Educational Leadership Degree

A master’s degree in educational leadership can open doors to a variety of positions outside the classroom in the educational field. Most educational leadership majors were teachers at one point and decided to move into administration because they wanted to use their skills in helping teachers rather than instructing students directly. However, many educational leaders also regularly teach classes to keep their skills honed in the classroom.

What Type of Degree Do Educational Administrators Have?

Many colleges of education offer a master’s degree in educational leadership and some offer doctoral programs in this field. A master’s is considered the entry-level degree for an educational leadership position, according to the Bureau of Labor Statistics. Classes for master’s degrees in educational leadership focus on broad issues in education and management skills. They may also include information on school law and legal issues surrounding the instruction of students.

A typical master’s programs in educational leadership include at least 27 semester hours or nine classes of coursework as well as capstone projects or internships. Educational leadership students may be asked to serve a few hours a day as an assistant principal at school while still working in the classroom as a teacher. Most school systems require administrators to have completed at least one year of classroom instruction before moving into an administrative role.

How Much Do Educational Leaders Make?

A master’s degree in educational leadership can help you secure a job as an assistant principal or principal at an elementary, middle, or high school. The median annual wage for these positions is $86,970, according to the Bureau of Labor Statistics. However, the actual pay earned depends on several factors including location, level of education, years of service, and position. Principals of larger schools tend to earn more than those at smaller schools, and some administrators are paid more money to work in needs-based schools in urban or rural areas.

What is the Job Outlook for Educational Leaders?

According to the Bureau of Labor Statistics, jobs for educational leaders are expected to grow by 10% between 2010 and 2020. The growth of school systems in general will create many job openings, as well as the need to improve under-performing schools.

Are There Other Requirements for Educational Leaders?

States have varying requirements for teacher and administrator certification. In some states, teachers can be promoted as administrators without a degree or any certification, especially in very small schools. These teachers may be titled as “department heads” and may not receive any more money for their extra duties.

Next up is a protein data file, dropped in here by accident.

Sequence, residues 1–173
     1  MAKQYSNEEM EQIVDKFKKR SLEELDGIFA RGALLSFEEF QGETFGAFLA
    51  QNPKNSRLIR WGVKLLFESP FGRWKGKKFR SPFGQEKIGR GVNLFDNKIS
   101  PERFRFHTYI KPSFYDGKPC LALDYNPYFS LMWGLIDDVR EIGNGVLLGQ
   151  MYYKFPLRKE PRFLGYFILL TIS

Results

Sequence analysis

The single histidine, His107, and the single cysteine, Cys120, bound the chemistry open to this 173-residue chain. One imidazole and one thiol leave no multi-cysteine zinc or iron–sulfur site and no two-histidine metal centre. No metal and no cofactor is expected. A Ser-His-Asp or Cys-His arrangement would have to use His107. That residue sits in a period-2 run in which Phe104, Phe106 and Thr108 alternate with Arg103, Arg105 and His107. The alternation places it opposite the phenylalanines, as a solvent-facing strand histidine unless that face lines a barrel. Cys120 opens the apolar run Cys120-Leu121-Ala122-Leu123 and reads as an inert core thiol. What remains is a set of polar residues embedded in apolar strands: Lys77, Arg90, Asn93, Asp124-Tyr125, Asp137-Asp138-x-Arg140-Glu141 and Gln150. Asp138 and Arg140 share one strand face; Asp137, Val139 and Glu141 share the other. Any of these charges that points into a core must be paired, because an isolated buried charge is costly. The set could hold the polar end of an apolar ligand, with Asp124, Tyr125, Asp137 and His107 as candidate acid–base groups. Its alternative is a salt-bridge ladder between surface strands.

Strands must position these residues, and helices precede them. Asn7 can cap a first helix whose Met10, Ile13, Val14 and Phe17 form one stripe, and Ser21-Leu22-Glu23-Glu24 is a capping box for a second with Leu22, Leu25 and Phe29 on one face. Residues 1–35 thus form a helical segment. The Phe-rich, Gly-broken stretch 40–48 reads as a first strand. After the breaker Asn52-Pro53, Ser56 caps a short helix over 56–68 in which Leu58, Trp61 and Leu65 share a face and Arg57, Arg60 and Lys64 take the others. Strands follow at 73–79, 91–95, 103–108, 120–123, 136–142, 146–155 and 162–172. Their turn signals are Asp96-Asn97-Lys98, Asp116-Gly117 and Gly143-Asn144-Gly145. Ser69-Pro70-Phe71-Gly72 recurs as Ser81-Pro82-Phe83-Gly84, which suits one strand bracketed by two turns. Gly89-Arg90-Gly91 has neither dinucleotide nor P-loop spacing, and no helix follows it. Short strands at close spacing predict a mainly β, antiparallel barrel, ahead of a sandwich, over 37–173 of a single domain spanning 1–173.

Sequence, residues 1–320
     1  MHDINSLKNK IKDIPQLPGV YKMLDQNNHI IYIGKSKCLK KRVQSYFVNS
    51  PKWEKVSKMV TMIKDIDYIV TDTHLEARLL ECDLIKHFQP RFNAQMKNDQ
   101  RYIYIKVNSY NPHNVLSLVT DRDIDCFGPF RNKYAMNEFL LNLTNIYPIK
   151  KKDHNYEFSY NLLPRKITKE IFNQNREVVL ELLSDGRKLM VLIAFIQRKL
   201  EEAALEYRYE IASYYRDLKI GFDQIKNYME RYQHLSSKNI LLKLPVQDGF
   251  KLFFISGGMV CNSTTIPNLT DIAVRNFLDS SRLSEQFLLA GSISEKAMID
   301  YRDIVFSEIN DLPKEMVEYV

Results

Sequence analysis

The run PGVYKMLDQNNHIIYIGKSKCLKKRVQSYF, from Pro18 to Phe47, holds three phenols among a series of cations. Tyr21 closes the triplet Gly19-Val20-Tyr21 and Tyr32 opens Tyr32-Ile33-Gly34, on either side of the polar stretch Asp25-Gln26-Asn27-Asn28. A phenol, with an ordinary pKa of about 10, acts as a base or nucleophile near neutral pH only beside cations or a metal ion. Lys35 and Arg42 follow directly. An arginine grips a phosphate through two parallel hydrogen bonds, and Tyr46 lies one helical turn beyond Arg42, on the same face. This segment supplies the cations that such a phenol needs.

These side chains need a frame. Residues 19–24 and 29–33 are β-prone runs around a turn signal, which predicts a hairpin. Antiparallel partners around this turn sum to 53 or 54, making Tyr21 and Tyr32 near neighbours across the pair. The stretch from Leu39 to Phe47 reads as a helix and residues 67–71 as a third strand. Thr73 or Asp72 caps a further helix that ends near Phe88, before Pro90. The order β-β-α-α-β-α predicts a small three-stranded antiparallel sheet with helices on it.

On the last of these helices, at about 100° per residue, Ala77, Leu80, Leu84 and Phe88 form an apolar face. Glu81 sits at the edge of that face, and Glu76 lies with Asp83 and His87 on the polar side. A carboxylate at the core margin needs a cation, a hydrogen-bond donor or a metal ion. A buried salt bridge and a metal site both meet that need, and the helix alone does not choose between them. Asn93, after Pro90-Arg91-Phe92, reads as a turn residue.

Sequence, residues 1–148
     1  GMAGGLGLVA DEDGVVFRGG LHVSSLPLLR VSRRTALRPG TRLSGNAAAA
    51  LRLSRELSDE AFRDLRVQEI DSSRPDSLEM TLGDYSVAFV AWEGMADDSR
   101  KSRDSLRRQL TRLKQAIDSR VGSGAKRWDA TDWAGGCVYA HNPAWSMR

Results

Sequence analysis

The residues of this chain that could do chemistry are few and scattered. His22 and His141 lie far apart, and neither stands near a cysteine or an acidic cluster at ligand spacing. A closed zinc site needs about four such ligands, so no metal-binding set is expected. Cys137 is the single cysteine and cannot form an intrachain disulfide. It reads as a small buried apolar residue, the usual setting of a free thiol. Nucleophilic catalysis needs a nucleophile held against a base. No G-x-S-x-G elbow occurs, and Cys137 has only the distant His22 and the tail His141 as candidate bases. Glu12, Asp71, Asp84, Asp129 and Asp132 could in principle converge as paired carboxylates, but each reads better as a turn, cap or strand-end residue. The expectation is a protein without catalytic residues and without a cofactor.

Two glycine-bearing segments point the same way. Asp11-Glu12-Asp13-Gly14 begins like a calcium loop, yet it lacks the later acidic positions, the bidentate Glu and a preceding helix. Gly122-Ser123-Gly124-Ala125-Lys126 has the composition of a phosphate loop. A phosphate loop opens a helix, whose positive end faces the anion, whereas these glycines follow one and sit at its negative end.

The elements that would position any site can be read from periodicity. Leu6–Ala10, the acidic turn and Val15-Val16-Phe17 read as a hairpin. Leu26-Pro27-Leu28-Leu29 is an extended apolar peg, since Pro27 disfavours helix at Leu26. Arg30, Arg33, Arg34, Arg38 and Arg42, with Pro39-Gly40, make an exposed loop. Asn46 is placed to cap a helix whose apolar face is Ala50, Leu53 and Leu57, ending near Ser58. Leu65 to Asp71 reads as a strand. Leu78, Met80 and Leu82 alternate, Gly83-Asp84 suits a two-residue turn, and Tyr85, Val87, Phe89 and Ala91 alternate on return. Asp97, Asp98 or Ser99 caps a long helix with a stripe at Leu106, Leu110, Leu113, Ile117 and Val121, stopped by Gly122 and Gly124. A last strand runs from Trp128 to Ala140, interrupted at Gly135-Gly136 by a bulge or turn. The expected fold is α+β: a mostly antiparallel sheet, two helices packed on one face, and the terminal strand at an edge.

However, it is far more common for states to have a requirement for educational administrators to pass a certification examination and have a license before becoming employed. The educational leadership certification is usually different from that of teachers. Certification as a teacher means that the individual has passed a knowledge-based test and met other criteria to qualify him or her to teach certain subjects in a classroom. Most educational administrators obtain teacher certification first then study for the educational leadership examination. This test most often consists of questions about knowledge based on leadership and management rather than academic facts.

Once an educational leader has passed the certification examination, he or she must renew that certification periodically. In some states this means taking a new test, while in others it simply means showing that you have been employed for a period of time in a school system. In other states, you can renew your certificate as long as you have no ethics violations and have completed the proper number of hours of continuing education training required.

Are All Educational Leaders Principals?

While many people equate an educational leadership position with a principal’s job, this is not always the case. Many administrators and educational leaders work as instructional support specialists such as curriculum directors or technology coordinators, according to the Bureau of Labor Statistics. As school systems become more diversified, educational leaders are also necessary to implement special programs such as dual-language education or special education coordinators. Those who spend several years as an administrator and gain a higher degree such as a doctorate may want to apply for jobs as school system superintendents.

Becoming an educational leader means spending time in a classroom to learn the realities of teaching. However, once you have spent several years as a classroom teacher, you may feel it is time to move on and develop your skills by inspiring and working in other areas such as administration or management. In order to accomplish this goal, a good first step is to seek a degree that allows you to apply for administrative positions such as a master’s or doctorate in educational leadership.



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